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One is Orlistat, a lipase inhibitor known by the name tetrahydrolipstatin and also by the marketing name Xenical. Xenical works by blocking the absorption of fat in the intestines by inhibiting pancreatic lipase. By inhibiting pancreatic lipase, triglycerides are excreted from the body in an undigested form. Xenical in clinical trials has allowed for study participants to lose ten percent of their body mass. The downsides to using Xenical, however, include gastrointestinal problems such as flatulence, oily stools, and increased bowel movements that may characterized as urgent. Additionally, Xenical interferes with the body's absorption of fat-soluble vitamins and micronutrients (fat soluble vitamins include vitamin A, vitamin D, vitamin K , and the carotenoids, such as beta-carotene).

A second obesity drug is sibutramine, marketed in the United States as Meridia and in Europe as Reductil. Sibutramine was approved by the FDA in 1997 as an anti-obesity drug and works by enhancing satiation (the sensation of feeling full) by blocking the reuptake of certain neurotransmitters (dopamine, norepinephrine, and serotonin). Sibutramine is chemically related to the appetite suppressant drug, phentermine. Phentermine, of course, was one of the two drugs contained in the anti-obesity pill Fen-phen (fenfluramine and phentermine) which was pulled off the market after Fen-phen was connected to reports of valvular heart disease.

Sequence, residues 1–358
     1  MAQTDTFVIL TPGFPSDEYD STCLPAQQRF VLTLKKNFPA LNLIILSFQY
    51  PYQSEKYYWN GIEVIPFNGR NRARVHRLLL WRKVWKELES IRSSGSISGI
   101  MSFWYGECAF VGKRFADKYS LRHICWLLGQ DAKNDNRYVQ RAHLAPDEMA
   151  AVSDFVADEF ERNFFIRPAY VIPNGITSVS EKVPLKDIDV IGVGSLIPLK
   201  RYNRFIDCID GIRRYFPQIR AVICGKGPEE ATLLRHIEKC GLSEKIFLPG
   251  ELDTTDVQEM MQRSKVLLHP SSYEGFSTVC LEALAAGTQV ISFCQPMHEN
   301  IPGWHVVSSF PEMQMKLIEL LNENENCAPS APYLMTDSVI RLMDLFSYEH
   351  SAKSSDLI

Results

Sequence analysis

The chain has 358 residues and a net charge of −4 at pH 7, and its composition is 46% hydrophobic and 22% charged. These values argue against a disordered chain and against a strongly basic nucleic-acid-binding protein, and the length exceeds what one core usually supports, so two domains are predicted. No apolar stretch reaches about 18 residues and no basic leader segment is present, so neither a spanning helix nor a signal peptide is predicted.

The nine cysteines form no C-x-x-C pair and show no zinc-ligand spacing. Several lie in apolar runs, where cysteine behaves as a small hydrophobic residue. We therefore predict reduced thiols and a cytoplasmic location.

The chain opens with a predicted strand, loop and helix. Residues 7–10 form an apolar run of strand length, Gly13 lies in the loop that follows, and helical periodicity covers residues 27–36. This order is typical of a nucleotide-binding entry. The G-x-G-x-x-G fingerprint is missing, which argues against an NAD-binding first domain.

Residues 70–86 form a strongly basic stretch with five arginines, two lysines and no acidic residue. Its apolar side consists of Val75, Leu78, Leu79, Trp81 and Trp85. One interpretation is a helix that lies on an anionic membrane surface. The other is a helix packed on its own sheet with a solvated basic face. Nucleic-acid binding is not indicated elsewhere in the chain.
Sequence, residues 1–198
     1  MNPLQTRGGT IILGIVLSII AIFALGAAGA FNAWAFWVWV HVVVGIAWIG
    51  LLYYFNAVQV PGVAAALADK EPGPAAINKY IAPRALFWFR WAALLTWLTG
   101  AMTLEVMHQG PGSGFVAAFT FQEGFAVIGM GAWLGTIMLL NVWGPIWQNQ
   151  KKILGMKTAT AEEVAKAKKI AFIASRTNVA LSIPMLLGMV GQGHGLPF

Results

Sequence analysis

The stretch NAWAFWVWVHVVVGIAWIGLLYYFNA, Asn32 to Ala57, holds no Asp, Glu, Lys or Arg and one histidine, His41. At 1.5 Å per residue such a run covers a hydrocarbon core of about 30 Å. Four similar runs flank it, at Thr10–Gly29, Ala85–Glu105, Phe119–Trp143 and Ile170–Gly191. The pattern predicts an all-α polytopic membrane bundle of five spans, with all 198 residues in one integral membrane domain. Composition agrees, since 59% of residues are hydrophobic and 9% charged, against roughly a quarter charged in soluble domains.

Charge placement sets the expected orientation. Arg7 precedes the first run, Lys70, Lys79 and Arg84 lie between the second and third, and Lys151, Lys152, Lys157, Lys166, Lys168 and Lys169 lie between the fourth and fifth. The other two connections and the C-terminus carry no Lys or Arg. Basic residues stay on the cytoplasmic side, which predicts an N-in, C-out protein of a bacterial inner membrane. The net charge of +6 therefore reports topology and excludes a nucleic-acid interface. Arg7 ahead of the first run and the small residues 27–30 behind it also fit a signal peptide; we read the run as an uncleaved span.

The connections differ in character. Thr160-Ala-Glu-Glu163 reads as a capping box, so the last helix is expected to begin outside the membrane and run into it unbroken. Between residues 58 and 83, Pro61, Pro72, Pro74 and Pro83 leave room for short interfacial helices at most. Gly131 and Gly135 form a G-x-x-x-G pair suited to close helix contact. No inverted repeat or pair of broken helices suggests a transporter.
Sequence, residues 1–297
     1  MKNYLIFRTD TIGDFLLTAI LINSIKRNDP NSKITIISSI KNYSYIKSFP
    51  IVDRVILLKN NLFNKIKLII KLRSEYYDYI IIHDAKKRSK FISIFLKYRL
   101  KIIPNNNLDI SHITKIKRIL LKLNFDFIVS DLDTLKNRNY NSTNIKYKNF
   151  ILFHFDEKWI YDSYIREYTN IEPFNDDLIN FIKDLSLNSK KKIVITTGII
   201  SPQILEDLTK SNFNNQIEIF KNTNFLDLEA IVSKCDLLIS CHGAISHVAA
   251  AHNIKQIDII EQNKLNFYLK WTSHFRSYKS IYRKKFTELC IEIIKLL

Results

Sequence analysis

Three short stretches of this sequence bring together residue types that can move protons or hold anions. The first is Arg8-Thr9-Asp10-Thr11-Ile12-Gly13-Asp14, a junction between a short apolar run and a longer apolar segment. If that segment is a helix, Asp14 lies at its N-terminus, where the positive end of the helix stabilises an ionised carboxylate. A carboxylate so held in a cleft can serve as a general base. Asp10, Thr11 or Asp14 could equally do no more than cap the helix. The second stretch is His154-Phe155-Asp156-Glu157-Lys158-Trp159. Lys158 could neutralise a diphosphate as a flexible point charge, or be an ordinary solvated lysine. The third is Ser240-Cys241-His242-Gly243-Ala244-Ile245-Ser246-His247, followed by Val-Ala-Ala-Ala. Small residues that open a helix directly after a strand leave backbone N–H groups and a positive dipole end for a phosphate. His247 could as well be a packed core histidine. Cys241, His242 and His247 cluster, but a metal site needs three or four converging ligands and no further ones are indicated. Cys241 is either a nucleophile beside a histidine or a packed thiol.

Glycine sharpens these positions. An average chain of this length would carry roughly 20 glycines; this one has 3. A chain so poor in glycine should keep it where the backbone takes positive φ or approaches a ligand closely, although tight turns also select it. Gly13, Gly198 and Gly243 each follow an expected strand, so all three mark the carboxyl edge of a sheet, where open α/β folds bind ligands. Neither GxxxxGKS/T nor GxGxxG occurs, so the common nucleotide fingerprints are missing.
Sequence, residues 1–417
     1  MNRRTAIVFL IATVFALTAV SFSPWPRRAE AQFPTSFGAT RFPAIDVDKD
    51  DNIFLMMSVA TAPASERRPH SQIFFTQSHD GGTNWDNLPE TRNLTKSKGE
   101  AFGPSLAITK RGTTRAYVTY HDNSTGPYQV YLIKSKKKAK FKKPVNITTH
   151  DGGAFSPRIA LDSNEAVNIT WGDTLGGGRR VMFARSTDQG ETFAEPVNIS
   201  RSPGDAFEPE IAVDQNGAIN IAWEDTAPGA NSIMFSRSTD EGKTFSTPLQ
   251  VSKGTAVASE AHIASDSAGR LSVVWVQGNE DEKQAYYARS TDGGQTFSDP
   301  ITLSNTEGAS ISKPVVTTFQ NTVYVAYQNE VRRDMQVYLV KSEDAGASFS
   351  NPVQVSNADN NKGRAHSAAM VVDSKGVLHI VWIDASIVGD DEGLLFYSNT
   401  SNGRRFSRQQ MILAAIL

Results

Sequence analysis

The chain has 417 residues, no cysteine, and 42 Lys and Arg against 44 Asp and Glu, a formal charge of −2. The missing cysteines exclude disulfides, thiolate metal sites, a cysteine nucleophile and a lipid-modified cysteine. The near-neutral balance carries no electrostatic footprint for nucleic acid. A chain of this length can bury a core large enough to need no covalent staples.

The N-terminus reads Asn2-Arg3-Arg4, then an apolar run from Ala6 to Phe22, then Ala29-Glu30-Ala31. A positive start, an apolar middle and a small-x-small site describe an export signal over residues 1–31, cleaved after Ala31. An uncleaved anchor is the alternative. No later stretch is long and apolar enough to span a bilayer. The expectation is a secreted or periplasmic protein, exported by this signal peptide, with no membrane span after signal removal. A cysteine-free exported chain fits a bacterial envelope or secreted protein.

Yet a third anti-obesity, weight loss pill is Rimonabant, marketed in the United Kingdom under the trade name Acomplia. Rimonabant works by suppressing appetite and by affecting the body's ability to store fat in the abdominal area.

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